Parents: does it matter which kid started the fight?

I have a brother, and as all kids do we fought now and then. As long as there was no blood or other obvious injury, we both got in trouble when we fought.

Oh, we’d try to explain that the other started the fight, but it was inevitably met with “It doesn’t matter who started it - it takes two people to have a fight. You stand in this corner, you stand in that corner, and don’t sit down.”

For the 15-30 minutes I faced the wall each time, I remember being rather indignant that we never were allowed to reason with them, because to me it was important how the fight started. Not only that, it seemed terribly unfair that we (okay, I. I didn’t really get his side) wasn’t supposed respond to being pestered…

Now I’m not so sure that how the fight started makes any difference if you’re not in the room to see it. I don’t have kids, though, so I ask you folks with real, non-hypothetical, parenting experience

Do you:
A. punish them both/all for arguing and hitting if you didn’t see what happened, regardless of their reporting of the situation? What if there are three or more kids and everyone else fingers one as the cultprit?

B. play detective to figure out who was at fault, and only punish the instigator if you’re reasonably certain that you worked out what had happened?

C. try to find out who was at fault to make that child’s punishment worse, but not spare the victim(s) because they shouldn’t have responded to escalate the problem?

I only had one child.

However, I think that it IS important to know which one started the fight, and why. Frequently all parties are at least a little bit guilty in a fight, but sometimes the provocation is just about irresistible. And sometimes the reaction is way over the top.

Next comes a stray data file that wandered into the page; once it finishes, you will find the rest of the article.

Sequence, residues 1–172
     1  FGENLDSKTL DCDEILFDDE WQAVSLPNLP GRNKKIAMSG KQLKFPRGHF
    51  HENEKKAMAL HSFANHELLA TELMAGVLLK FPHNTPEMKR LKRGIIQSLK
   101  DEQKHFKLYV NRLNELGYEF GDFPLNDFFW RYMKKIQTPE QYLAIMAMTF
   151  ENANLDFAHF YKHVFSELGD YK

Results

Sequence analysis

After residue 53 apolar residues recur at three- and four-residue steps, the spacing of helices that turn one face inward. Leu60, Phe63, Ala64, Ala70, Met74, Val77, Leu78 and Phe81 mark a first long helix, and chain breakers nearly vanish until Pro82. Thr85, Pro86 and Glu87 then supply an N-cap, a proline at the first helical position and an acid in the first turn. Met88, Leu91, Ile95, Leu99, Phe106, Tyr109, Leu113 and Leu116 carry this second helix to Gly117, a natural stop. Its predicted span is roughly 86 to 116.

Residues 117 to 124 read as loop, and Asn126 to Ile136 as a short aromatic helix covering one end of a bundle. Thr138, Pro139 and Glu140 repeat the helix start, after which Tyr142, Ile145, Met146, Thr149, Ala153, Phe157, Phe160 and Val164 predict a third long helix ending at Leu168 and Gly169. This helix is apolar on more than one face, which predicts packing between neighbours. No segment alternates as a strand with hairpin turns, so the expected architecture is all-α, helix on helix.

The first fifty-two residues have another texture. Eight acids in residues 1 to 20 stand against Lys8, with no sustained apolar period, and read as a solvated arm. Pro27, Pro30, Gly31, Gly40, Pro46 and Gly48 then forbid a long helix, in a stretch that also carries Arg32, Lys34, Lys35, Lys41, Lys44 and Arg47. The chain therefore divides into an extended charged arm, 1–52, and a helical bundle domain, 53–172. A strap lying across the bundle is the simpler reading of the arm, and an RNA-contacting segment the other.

I think that NEVER investigating the cause of fights is just taking the easy way out, it’s a sign of a lazy parent, or a lazy school system. If one kid is in the habit of just throwing punches at another kid(s), then the instigator needs to be stopped somehow. I know that there were a few kids of my acquaintance who DID just pick fights for the fun of it.

When my boys fight, I do care who started it, but both of them get “in trouble” because if someone is starting a fight with you, the best response is not to engage in a physical fight. We do try to determine who started it and we talk about what each person should have done differently, but if you only ever punish the instigator, you’re going to have a lot of pointing fingers and lying, plus, you’re missing out on the lesson that everyone has control over his reactions - you can choose to talk it out, you can choose to get help from an authority, you can choose to walk away, or you can choose violence. If you choose violence, you’ll face the consequences, just like in “real life.”

ETA: I have two boys, 4 & 7.

If I’ve got the time, I’ll do some digging and try and determine who was the instigator, who escalated from verbal to physical, etc. Whoever got physical first usually gets the worst punishment.

If I’m cooking dinner, or doing some other job that doesn’t allow for an easy break, or I’m watching something on TV I really want to see, then everyone gets punished.

Yeah, from what I’ve seen, punishing both means the bigger/older one always gets to beat up the little one and pick on him and be cruel to him, and the parents never see he is only responding.

I am not a fan of this as you can see.

Maybe, but only punishing one oftentimes allows the younger / smaller kid to figuratively and literally poke sharp sticks at the older / bigger kid.

I’ve found that they know how to push each others buttons so well, it’s hard to say who really started the ball rolling. I tended to come down harder on the one with the extreme (loud) reaction but usually encouraged them to work out their differences without appealing to parental authority. If I wouldn’t intercede, they, in theory, would have less incentive to escalate.